It was very, very noisy on my way to school this morning. Way too noisy!
It reminded me of, when I was a little kid, covering my ears when my dad would use the circular saw or table saw--I referred to the former as the "screamer saw" because of it's loud high pitched sound. My parents have often told me how I cried (likely in pain) when, as a toddler, they took me along with them to see "Start Trek II: The Wrath of Khan." I allegedly fell asleep at some point during the movie, but there were many complaints that the sound volume in the theater was very loud that day.
Today it was the lawnmowers, weed-eaters, and small tractors in use by university groundskeepers that had my "inner 5-year-old" desperately wanting to cover her ears and run--or scream. It's not that the sound was painful, but that there was so much of it and that it was so loud. The accompanying anxiety was a kind of sensory overload--like when too many people are talking at once.
I've recently read that some people with ADHD are especially sensitive to light, sound, and touch1,2.
Light and touch I'd already recognized in myself. I seldom go outside without sunglasses on sunny days in spring or summer . I vividly remember experiencing the "tags-in-my-clothes-drive-me-bonkers" syndrome as a small child. In fact, my mom once asked my grandmother to re-sew one of my nightshirts with cotton thread--it was originally made with stiff, plastic "invisible" thread, which itched in a way I absolutely could not stand.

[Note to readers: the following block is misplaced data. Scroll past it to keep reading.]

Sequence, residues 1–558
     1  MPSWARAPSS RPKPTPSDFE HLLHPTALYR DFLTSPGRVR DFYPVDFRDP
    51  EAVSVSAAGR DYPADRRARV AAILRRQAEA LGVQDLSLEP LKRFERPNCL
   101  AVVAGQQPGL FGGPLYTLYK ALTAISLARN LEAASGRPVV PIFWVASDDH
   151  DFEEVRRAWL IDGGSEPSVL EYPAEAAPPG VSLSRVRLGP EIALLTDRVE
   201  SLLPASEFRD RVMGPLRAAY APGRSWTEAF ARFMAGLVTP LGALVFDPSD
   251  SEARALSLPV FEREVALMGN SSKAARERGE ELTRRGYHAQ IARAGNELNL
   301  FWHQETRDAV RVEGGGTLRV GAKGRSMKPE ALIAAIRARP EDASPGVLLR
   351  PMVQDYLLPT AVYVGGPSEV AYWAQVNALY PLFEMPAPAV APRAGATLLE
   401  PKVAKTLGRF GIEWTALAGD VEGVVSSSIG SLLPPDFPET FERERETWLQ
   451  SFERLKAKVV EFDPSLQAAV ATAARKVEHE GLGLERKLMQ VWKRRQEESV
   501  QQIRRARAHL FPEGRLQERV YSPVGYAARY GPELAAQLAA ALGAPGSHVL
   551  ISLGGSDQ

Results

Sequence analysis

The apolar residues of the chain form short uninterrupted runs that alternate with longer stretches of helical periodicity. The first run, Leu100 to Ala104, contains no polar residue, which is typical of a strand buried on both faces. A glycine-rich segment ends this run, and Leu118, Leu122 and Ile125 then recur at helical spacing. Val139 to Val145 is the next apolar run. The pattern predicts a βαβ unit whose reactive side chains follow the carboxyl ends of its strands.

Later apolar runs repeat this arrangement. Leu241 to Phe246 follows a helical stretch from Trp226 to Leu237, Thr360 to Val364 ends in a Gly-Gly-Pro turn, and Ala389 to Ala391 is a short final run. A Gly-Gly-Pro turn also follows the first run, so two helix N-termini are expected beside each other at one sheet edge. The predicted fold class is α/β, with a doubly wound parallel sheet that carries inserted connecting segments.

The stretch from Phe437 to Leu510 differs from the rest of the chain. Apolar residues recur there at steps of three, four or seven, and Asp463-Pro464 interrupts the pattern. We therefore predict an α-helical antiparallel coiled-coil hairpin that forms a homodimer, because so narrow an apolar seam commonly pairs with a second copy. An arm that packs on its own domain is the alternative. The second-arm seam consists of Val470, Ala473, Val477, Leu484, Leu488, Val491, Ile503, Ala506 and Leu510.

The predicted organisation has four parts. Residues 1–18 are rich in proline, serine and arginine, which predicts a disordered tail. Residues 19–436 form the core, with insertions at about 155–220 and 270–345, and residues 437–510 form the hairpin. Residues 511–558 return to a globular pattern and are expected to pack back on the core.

I'd never thought about the sound sensitivity until today--at least not in that negative way. In one book, the author describes the most sound sensitive person he'd worked with--a boy who could determine what word someone was writing by the sounds of the pencil on the paper3. When reading this, I noted that I too could hear fluorescent light bulbs (in very quiet rooms) and that I have an unusually good sense of directional hearing. I can often hear the high pitched sound of a CRT (cathode ray tube) computer monitor or muted TV from several feet away and behind a closed door.
1 Jeffrey Freed and Laurie Parsons. Right-Brained Children in a Left-Brained World: unlocking the potential of your ADD child (Simon & Schuster: New York, 1997), 56, 58-61.
2Daniel G. Amen. Healing ADD: the breakthrough program that allows you to see and heal the six types of attention deficit disorder (Berkeley Publishing Group: New York, 2001), 14-6.
3 Freed and Parsons, 56-7.